2. Marketing to the correct audience

Know your prospective clients. Google. Search. Create a list of potential medical communication companies, Medical education companies, and market to them. Getting work directly from hospitals or pharmaceutical companies is not easy. Market yourself continuously.

3. Honor your deadlines

Remember, a work done on time, is actually the work done. A professional who doesn't respect time and deadlines loses his credibility.

'Deliver on time, on target, and on budget; first time and every time.' - Brian G. Bass

No matter how skilled you are, how professional or pleasant to work with, if you cannot turn in your work on time, you are no good.

4. The right resources

To be able to think independently, work efficiently and deliver within a preset timeframe you need to have good desktop resources and software tools at your fingertips some of which include; I. Reference and text books II. A good medical dictionary such as Dorland's medical dictionary III. Access to electronic libraries IV. Basic software programs, Microsoft office word, word processing software, Microsoft PowerPoint presentation software, Microsoft excel spreadsheet software,Adobe Acrobat. V. Update your software regularly. Lastly remember, while writing medical articles you need to use hard science as you may be asked to cite the source or annotate the reference.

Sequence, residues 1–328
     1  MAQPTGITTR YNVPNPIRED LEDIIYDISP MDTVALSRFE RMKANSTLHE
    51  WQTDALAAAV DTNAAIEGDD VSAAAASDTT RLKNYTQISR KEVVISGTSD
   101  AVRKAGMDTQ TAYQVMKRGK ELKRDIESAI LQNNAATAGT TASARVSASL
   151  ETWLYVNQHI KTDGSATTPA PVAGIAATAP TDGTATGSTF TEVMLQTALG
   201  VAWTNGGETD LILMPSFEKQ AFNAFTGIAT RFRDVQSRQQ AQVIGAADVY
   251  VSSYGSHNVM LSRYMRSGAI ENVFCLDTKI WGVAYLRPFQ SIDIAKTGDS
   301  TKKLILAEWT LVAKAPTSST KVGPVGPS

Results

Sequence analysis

5. Spend money to make money

You have to put in extra working hours, acquire good resources and may be work for a little less remuneration with your initial project only to ensure hefty pay checks and good reputation later. You can choose your own means and ways or follow those of someone else's, your success lies within you. So, are you ready to take the next step?

Stress Symptoms in Women

Stress symptoms in women can sometimes be solidly frustrating especially for men. "I am stressed" has been a daily expression of every woman and even the kids nowadays. Checking the medical definition of "stress" will help us determine whether there is truth in it or it is just an abused word-of-mouth. Stress is a physical or psychological stimulus that can produce mental tension or physiological reactions that may lead to illness. Also, Mosby's Medical Dictionary (2009) illustrates the application of stress with the crying of a young child due to his separation from his parents and with the dehydration caused by an increase in body temperature.